Mount Olympus: Success and Summits
Mountaineering is supposed to be about reaching the summit, gritting your teeth against the discomfort, and standing on top, right? I’ve heard several other guides say it wasn’t, but I’d always brushed it off. This weekend on Mt. Olympus, I learned they’re absolutely right; it’s not.
Wynell Schatz climbs above Mount Olympus’ Blue Glacier at sunrise.
With a party of six, Zach Keskinen and I walked more than 17 miles to reach the flanks of Mount Olympus. The approach wanders through lush rainforest unlike anything you’d see in the Cascades. Thick moss carpets every branch in sight; a professional painter couldn’t number the ineffable shades of green. All the while, the sound of the glacially fed Hoh River rushing just out of sight makes for a unique, immersive experience.
View of the glacially fed, brilliant blue Hoh River.
I could go on about how gorgeous it all was, but that’s not what this weekend was about either.
We took the first day to drive and hike our heavy 5‑day packs 9 miles to our first camp. Day two was another long day of walking, interspersed with snacking. Day three was our summit push. Day four we reversed most of the approach and day five was a short and sweet walk back to the cars.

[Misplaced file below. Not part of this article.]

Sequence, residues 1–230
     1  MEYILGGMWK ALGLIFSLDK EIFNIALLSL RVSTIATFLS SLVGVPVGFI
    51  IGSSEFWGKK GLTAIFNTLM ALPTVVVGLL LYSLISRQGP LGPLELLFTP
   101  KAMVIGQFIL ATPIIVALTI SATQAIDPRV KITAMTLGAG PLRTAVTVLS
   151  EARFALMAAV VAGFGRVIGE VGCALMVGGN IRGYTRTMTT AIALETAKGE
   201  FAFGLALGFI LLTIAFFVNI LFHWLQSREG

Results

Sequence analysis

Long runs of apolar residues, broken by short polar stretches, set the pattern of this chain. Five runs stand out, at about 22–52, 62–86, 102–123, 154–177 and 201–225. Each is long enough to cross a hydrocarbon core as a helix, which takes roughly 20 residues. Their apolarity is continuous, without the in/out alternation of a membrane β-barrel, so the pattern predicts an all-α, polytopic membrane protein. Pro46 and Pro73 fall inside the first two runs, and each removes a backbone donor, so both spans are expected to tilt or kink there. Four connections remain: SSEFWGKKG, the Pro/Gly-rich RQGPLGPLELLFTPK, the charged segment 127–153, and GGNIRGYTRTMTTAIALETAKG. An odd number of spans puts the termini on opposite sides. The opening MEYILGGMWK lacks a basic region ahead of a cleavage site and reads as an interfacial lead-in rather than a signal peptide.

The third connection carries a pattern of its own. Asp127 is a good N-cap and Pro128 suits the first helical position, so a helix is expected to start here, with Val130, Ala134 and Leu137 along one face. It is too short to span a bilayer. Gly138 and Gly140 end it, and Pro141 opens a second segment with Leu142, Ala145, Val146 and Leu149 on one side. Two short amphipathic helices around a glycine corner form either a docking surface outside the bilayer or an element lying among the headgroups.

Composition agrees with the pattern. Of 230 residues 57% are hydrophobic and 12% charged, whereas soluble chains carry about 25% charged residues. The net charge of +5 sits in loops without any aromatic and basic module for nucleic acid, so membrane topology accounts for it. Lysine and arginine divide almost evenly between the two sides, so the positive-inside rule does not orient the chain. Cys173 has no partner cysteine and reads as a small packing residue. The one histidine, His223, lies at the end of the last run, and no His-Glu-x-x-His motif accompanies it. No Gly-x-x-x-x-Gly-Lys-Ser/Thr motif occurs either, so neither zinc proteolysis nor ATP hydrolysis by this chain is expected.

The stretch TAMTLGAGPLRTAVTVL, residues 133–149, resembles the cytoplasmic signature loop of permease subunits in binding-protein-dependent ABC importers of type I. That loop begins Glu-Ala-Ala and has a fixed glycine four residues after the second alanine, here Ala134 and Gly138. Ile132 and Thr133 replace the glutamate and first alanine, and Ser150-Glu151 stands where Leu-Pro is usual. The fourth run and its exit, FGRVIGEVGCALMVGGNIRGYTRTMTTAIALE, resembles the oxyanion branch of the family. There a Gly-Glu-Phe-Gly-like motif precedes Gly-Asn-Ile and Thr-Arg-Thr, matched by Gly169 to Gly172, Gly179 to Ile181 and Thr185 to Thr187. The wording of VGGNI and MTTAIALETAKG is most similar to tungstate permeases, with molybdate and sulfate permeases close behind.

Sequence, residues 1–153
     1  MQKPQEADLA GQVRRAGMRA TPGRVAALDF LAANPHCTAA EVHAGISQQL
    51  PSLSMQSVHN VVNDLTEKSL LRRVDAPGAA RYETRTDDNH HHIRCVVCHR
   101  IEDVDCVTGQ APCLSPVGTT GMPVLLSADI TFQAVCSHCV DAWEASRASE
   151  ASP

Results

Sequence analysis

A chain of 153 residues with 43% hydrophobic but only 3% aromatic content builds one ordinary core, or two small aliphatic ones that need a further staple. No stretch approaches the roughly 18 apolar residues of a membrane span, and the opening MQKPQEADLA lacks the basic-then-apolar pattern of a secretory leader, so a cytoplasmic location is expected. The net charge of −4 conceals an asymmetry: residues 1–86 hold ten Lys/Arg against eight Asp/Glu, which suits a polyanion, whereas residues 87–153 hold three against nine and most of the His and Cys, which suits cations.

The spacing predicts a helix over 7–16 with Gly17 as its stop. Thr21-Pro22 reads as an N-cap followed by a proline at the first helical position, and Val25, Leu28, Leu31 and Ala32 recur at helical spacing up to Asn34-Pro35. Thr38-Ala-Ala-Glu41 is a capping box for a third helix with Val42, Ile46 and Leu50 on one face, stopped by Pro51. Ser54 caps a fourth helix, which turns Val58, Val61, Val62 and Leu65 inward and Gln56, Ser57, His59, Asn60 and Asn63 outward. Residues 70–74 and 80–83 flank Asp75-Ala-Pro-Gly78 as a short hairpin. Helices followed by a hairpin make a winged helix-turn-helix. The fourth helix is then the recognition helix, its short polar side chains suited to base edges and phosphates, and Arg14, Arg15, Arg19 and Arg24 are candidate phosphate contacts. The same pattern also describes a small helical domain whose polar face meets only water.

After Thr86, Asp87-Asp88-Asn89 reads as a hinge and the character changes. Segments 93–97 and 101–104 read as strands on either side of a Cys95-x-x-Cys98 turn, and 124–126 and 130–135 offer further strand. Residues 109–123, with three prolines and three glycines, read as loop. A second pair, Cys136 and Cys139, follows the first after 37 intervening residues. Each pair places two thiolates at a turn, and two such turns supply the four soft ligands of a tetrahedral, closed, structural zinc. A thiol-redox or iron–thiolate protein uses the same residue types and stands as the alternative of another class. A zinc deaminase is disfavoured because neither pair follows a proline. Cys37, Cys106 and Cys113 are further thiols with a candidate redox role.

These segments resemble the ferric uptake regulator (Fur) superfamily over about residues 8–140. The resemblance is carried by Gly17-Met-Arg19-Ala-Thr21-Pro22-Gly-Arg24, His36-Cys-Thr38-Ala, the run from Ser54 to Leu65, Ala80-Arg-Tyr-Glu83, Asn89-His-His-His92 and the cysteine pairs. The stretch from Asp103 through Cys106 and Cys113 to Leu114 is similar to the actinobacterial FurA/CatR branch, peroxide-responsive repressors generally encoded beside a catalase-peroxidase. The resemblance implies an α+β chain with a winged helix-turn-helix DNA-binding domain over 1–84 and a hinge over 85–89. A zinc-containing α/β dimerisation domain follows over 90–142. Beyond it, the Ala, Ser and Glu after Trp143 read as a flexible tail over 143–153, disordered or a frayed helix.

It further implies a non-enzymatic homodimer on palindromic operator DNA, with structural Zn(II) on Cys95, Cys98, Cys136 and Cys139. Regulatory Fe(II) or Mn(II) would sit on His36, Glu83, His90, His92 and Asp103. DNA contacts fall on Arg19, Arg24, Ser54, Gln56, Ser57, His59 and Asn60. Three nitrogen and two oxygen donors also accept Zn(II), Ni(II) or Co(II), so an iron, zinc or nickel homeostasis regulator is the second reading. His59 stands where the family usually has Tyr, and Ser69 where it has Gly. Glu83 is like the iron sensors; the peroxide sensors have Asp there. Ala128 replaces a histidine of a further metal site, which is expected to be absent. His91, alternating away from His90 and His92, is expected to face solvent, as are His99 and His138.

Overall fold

For as much as I love walking and snacking, this weekend wasn’t about the snacks either.
This particular group had been assembled by Jim Schatz, who passed away unexpectedly earlier this year. He was the common thread between the eight of us: members of a running club he was a part of, his wife Wynell, additional family, and finally Zach and I because he had climbed with Mountain Madness before.
Right from the get-go, it was clear to Zach and I that this group was super strong and fun. They had us laughing from our meeting point at Ascent Outdoors and all along the lengthy trail even after our climb.
Sarah and Josh rounding the final twists of the approach trail to Mount Olympus.
This weekend, it wasn’t about the summit, the scenery or the struggle. It was about being out there together and appreciating the wild ride through the twists and bends in the forest, through the highs and the lows, the sweets (Zach’s caramel cookies) and the sours (that time I accidentally dropped part of the pasta into the dirt.)
Of our party, four people reached the summit of Mount Olympus (7,979’) with Zach. Three of us decided that our high point was going to be Snow Dome at a substantial 6,600 feet, and that was quite alright. We broke out some lemonade and jelly beans, and took in the beauty of the surrounding Olympic Mountains. This weekend, it wasn’t reaching the highest bit of rock but enjoying what we’d accomplished together and the journey along the way.
~Words and photos, MM Guide Mallorie Estenson